Is truly bulletproof armor possible?


Russian state-owned defense manufacturers Rostec announced last week that they were rolling out next-generation bulletproof vests for 2035. Destroy light armored vehicles 1,000 meters away. The claim has elicited many skeptical reactions, but can we dismiss it so easily?

There’s no doubt that stopping the .50 Cal is a very different proposition than the 7.62mm rounds that most armor aims to protect against.

“The .50 Cal cartridge is more than four times the weight of the 7.62mm cartridge and a higher speed,” says analyst Robert Bunker of C / O Futures, LLC. “But where the real difference in lethality lies is in the transfer of energy to the target.”

The larger .50 slug strikes with about five times the energy of the rifle cartridge, with devastating effect.

“I fired an M2 .50 Cal against an armored vehicle on a firing range and saw the impact of these shells with my own eyes,” Bunker explains. “They are terrifying. “

In principle, stopping any bullet is just a matter of getting enough metal in the way. In 1880, Australian bushranger Ned Kelly outfitted his gang in homemade armor with helmets, made from plowshares, “as thick as a plate.”

This early body armor earned Kelly the nickname “The Iron Outlaw” and was shotgun-proof ten paces away. In the gang’s last fight in Glenrowan, the police fired rounds at the outlaws with little effect. The problem was the weight: the armor weighed over eighty pounds and its movement was very limited, rendering the wearer virtually unable to aim accurately. The gang only injured two police officers in the final shootout. There was no possibility of running away or riding a horse.

Kelly himself was beaten dozens of times and continued to fight until the police rushed in and physically subdued him.

Heavy armor was common during WWI. The Germans released 500,000 sets of “Sappenpanzer” (trench armor) made of segmented steel plates. Although effective, it was so heavy that it was only practical for machine gunners or sentries. Anyone moving in armor risked drowning in muddy, water-filled shell craters.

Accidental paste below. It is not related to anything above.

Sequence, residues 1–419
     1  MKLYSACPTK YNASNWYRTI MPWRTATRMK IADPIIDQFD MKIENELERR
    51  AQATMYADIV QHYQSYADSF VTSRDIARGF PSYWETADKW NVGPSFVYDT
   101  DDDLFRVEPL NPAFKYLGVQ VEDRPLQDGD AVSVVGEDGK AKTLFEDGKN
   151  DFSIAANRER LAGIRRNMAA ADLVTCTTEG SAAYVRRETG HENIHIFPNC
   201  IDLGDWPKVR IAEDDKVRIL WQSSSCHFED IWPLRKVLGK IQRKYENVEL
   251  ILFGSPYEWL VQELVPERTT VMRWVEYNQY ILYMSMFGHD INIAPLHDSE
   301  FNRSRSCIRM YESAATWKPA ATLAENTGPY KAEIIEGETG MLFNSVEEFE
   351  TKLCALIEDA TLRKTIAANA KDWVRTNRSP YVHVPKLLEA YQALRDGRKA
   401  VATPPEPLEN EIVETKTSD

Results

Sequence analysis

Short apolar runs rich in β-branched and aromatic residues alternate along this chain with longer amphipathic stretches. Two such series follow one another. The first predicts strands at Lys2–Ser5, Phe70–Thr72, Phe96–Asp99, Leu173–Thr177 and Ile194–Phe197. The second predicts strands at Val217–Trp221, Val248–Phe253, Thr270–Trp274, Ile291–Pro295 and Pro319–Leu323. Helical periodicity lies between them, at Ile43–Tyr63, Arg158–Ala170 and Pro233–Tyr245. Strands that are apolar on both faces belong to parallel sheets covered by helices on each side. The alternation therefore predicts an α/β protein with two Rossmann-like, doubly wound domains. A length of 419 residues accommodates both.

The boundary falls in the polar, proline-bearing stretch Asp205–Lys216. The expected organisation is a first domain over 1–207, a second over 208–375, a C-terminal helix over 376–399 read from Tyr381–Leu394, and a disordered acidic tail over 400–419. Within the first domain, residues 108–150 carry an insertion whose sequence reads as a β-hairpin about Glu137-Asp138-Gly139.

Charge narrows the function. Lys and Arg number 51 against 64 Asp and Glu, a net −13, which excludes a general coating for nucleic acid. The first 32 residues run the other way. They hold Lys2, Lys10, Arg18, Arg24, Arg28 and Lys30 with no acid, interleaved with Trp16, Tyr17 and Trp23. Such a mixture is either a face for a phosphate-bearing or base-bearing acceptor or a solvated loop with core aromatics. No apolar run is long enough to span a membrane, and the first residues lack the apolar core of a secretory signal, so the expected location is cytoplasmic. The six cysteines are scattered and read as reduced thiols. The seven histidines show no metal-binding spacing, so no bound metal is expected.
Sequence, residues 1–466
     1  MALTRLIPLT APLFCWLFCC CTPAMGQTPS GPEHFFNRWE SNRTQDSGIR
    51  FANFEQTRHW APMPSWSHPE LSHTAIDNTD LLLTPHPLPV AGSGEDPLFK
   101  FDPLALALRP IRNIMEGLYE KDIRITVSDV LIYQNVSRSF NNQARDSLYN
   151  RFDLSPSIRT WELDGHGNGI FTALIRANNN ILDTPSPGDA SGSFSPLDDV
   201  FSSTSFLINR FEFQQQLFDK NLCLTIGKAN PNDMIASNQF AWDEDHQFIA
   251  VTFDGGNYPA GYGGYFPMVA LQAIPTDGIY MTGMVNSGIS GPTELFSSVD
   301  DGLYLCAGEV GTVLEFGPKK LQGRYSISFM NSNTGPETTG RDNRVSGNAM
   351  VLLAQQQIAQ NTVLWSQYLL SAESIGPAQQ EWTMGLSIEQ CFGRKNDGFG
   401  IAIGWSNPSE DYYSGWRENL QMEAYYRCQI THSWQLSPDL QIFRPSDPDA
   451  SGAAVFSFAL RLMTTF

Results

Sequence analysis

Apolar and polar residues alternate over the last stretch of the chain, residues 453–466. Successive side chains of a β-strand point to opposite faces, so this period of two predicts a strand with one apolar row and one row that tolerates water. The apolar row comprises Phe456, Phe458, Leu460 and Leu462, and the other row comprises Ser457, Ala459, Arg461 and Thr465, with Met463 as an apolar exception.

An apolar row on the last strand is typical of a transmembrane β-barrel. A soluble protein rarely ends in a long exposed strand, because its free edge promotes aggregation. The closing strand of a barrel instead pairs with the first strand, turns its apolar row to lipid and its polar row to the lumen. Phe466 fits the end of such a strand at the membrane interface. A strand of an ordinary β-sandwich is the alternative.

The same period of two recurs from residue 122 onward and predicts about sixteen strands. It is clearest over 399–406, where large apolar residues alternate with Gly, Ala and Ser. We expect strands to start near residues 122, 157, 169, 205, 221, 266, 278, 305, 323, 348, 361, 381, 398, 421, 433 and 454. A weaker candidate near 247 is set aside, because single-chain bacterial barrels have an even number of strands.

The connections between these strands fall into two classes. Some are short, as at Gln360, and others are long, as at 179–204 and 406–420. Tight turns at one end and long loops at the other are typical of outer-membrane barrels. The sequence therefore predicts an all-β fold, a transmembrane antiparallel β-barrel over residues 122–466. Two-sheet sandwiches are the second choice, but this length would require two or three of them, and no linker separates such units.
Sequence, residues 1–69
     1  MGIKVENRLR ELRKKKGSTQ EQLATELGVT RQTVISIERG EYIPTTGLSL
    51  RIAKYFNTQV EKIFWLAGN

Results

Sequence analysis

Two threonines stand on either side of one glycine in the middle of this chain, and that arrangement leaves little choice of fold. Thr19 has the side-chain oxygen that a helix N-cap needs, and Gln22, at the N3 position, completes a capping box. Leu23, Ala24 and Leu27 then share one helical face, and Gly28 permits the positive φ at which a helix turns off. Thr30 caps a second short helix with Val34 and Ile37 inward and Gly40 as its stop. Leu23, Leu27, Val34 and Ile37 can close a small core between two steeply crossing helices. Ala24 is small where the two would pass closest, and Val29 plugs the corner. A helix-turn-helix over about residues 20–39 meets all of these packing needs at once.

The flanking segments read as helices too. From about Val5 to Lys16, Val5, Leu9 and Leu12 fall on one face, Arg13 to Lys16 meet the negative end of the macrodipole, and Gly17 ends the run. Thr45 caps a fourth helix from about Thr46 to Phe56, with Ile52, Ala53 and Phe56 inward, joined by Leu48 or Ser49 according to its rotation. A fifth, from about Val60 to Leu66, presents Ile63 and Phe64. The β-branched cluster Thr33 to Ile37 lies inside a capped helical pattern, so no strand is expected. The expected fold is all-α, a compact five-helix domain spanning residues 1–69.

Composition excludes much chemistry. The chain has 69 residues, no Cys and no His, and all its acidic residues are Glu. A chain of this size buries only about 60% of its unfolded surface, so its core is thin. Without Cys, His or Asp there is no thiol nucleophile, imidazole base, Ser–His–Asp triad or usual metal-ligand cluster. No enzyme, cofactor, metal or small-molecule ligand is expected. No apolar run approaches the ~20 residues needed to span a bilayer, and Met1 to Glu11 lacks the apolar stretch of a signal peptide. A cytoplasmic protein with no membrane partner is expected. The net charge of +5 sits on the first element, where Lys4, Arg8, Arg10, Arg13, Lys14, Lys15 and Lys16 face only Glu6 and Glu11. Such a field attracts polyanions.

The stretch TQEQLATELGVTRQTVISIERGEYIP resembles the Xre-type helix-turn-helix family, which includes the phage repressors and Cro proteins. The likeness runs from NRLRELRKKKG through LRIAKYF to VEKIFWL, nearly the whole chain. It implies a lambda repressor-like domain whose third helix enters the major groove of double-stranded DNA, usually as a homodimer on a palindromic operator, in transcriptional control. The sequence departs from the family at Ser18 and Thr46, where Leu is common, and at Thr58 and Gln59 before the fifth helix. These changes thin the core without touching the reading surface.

Nowadays, it’s possible to make a bulletproof vest strong enough to stop even a .50 caliber slug – as long as mobility isn’t an issue. In the 1990s, American helicopter crews received a protection package known as the Survival Armor Recovery Vest, Insert, and Packets (SARVIP). This included a Kevlar vest with pockets for the ceramic plates larger and thicker than the standard Interceptor armor – an inch thick and weighing about eleven pounds each. These plates “provide protection against .50 caliber shells” (or .30 armor-piercing bullets) to Army specifications. However, their weight made the plaques unpopular and they hardly ever would have been worn.

There is a secondary problem in the fact that simply stopping a ball is not enough: the fierce impact noted by Bunker resembles a kick from a horse. According to a press release from Rostec, the new armor will incorporate “special shock absorbing components” to prevent this type of blunt trauma.

The Russians have already introduced second-generation Sotnik (“Centurion”) armor that incorporates a non-motorized exoskeleton, allowing the wearer to easily carry 100 pounds or more. Russian combat engineers used the equipment in action in Syria and it appears to have been successful. However, motorized exoskeletons are a few years away; the US military has repeatedly failed to turn its concepts of power armor into reality.

“Rostec’s fourth generation armor concept requires advancements in exoskeleton design, power sources, armor survivability, as well as energy absorption and transfer for beginners,” explains Bunker. “I think Rostec – a Russian state-owned company – has engaged in creative futuristic marketing in its recent press releases.”

It may be a matter of waiting. Rather than a nimble Iron Man, the Russians may have in mind something more like the Iron Outlaw, a slightly more mobile version of the tactical ballistic shield used in police headquarters. This can be useful for urban warfare and assaults, but whether the extra protection justifies the weight is another question.

The Russian claim is not entirely implausible. But whether the result is worth it is another matter. Ned Kelly failed to inspire an armored steampunk extravaganza in the 1880s, and Rostec Armor could end up being a similar niche.


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